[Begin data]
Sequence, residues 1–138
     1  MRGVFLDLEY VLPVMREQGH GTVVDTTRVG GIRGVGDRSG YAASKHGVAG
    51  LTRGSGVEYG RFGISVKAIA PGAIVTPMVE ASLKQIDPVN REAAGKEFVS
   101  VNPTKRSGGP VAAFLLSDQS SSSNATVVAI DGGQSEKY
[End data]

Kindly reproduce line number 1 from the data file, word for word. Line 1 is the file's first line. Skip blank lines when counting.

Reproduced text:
Sequence, residues 1–138